Con Air - BRD
(Simon West, 1997)
Review by Leonard Norwitz
Theatrical: Touchstone Pictures
DVD: Buena Vista Home Entertainment
Resolution: 1080p / AVC
Aspect ratio: 2.35:1
Supplements: mostly 480i
English 5.1 Uncompressed (48kHz/24-bit)
English DD 5.1 Surround
French DD 5.1 Surround
Spanish DD 5.1 Surround
Feature: English SDH, French & Spanish
• A View From Above
• The Destruction of Las Vegas
Standard Blu-ray case
January 8th, 2008
Con Air ~ Comment
Nicholas Cage followed his new action hero status created the previous year in The Rock with this popular menagerie that, for all its hard-hitting action, seems to me to a thinly disguised comedy, and best appreciated as such. Drama or Comedy – and I know this will strike many as heresy –the film's greatest weakness is the casting of John Malkovich. Just because he struts around like a petulant eight-year old uttering pseudo ironies doesn't make him tough or even believable. The same characterization that worked so well for In the Line of Fire couldn't compel a bunch of Boy Scouts, let alone a plane full of hardass cons. Cusack is lightweight for the part, but he's a much more interesting actor - and he knows he's doing comedy here. Cage's rockabilly accent borders on insulting. Buscemi, as the world's most dangerous serial killer, is brilliant, especially in his ersatz Frankenstein scene with the little girl. Meany is pointlessly – well, meany. The movie's subplots are all over the map and not to be taken as seriously as the director would have it. Not satisfied with using downtown Las Vegas for a landing strip, a car chase follows, heaping ending upon ending. All the same, Con Air is a good time if you can put your brain on hold for the in-flight movie.
The Score Card
The Movie : 6
Nicholas Cage plays Cameron Poe, a Ranger and basically good guy with a macho temper, returns home (why is his wife only 3 month's pregnant, I wondered?), gets into a brawl, kills a man, and does 10 years. On release, Poe is transported home by special plane, along with the country's worst convicts on their way to a new maximum security prison. Apparently the same precautions do not apply to the plane, for the bad guys, led by Malkovich, soon take over the contraption in a prearranged effort to flee the country. Poe wants to get home directly so he can reunite with his wife and daughter, but his creed of leaving no man behind gets in his way: there are innocent and endangered people still aboard.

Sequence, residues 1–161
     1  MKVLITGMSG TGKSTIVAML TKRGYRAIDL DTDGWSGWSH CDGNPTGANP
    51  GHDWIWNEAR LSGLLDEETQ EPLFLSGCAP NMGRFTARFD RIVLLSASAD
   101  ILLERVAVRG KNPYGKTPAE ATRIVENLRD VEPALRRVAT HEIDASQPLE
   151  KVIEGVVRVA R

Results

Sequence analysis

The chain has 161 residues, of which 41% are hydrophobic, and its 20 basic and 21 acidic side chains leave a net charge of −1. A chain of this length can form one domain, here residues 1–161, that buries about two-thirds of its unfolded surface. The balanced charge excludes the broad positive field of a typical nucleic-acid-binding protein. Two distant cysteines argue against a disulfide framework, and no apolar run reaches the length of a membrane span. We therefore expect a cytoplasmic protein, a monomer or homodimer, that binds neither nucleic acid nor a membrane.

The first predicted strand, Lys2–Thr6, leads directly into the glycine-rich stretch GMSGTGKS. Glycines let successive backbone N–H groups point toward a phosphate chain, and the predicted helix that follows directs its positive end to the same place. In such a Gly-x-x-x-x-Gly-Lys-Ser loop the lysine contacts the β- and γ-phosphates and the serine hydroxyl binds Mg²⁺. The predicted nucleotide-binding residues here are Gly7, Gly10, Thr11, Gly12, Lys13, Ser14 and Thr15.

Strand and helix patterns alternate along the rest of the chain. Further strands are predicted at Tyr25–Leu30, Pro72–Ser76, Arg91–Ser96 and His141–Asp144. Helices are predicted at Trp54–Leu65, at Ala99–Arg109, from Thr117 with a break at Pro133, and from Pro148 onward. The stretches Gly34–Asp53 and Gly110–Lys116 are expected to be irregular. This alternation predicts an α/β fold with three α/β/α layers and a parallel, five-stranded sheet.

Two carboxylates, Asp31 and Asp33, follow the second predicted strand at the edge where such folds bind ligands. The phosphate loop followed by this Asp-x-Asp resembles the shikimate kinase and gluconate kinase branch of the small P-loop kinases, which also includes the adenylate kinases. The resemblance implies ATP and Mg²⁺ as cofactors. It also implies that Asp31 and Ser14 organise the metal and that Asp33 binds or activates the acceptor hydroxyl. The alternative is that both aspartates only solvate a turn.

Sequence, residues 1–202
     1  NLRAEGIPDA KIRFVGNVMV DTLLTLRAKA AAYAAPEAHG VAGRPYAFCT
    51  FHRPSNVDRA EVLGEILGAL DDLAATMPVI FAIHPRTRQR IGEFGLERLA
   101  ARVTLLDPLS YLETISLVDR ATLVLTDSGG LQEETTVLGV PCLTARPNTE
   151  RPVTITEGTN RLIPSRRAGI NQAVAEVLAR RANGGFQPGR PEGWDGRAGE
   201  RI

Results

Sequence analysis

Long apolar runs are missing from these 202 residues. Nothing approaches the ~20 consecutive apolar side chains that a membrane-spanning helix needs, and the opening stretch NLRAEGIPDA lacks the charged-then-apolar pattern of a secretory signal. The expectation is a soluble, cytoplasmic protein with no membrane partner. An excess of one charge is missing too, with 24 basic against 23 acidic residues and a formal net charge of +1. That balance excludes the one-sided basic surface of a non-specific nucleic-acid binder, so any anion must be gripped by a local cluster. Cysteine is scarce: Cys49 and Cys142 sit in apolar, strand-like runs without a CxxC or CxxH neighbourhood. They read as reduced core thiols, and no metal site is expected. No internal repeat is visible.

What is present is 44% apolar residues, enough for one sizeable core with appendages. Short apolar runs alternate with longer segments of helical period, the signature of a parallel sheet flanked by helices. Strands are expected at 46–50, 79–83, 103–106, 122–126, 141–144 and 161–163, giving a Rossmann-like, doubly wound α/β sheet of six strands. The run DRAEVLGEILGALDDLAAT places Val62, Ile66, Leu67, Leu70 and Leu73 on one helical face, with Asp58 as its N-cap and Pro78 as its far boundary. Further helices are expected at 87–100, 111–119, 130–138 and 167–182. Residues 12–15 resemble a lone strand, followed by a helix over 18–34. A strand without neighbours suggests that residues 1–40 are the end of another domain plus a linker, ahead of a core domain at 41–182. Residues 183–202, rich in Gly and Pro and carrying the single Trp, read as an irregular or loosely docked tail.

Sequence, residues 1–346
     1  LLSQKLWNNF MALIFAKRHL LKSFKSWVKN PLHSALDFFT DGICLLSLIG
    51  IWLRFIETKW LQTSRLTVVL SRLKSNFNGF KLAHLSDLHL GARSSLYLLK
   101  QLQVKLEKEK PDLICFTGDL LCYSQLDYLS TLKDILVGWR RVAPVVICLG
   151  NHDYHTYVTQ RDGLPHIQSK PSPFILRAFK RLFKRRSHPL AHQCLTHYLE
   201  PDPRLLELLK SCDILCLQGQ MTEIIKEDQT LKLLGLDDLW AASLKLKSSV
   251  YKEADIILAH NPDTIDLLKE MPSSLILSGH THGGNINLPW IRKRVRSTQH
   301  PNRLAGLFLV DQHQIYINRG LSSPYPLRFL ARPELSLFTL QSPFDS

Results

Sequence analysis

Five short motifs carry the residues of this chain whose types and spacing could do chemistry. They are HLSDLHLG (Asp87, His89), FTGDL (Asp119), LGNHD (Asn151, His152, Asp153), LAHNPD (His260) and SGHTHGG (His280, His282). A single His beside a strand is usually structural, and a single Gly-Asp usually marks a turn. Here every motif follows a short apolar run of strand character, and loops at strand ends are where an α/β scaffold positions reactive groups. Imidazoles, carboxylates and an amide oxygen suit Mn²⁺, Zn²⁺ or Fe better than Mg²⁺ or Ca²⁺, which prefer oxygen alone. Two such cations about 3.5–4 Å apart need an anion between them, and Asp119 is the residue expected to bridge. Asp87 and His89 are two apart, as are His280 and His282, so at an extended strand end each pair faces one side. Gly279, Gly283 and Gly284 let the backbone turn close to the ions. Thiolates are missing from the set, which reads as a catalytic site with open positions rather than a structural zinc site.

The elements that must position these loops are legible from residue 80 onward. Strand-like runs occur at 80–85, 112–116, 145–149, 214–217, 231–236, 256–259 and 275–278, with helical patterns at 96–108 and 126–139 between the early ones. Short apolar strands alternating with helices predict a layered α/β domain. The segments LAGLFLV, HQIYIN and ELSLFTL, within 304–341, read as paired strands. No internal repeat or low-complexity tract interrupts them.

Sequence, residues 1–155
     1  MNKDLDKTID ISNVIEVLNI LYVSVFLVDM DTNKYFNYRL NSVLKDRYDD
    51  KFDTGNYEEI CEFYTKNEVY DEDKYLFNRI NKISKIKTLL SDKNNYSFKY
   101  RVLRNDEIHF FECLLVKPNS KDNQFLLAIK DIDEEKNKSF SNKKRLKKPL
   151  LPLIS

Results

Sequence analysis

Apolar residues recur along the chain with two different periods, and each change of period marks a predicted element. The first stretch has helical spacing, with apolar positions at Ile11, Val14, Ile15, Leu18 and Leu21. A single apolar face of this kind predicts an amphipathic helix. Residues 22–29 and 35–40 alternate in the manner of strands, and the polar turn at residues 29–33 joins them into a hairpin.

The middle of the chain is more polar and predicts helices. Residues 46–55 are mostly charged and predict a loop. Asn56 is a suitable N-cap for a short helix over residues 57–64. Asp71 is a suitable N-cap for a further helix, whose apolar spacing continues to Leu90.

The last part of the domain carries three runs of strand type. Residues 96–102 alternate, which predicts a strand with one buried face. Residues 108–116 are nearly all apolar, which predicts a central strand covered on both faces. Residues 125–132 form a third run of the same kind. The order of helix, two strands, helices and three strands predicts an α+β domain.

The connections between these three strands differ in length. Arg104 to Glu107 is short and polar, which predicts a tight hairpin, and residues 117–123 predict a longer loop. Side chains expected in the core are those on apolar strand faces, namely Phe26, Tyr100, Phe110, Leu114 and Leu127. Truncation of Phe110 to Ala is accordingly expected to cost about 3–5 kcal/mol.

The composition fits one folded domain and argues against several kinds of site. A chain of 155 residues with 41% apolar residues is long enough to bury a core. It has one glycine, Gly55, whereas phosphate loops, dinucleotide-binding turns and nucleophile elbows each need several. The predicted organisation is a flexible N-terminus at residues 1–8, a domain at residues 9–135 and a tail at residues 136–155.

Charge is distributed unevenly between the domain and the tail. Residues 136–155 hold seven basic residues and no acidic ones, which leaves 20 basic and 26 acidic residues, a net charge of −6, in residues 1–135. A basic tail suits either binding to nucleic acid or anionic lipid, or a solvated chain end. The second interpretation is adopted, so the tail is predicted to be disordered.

Image : 9 (8.5-9.5/9)
The score of 9 indicates a relative level of excellence compared to other Blu-ray DVDs on a 10-point scale. The score in parentheses represents: first, a value for the image in absolute terms; and, second, how that image compares to what I believe is the current best we can expect in the theatre.
This Blu-ray represents a substantial improvement in all areas, not least the dreaded edge enhancement, which the Disney SD had much too much of. There are moments of excellent sharpness that stand out oddly from the general OK-ness of the overall image.
Audio & Music : 8 & 7
The audio in the SD DVD was more compressed than I was comfortable with, which means that at high volumes, my head ached a bit. Not so in the BRD, which has a dramatic presence befitting the material.
Operations : 8
After the usual endless Disney promos and previews, a straightforward, easy to use menu comes up.
Extras : 3
Not much here, and what there is we suffer in rather poor SD.
Good adolescent fun. A very good, if not demo quality image, but weak supplements add up to a Rent Me first.
January 8th, 2007
Enter the Dragon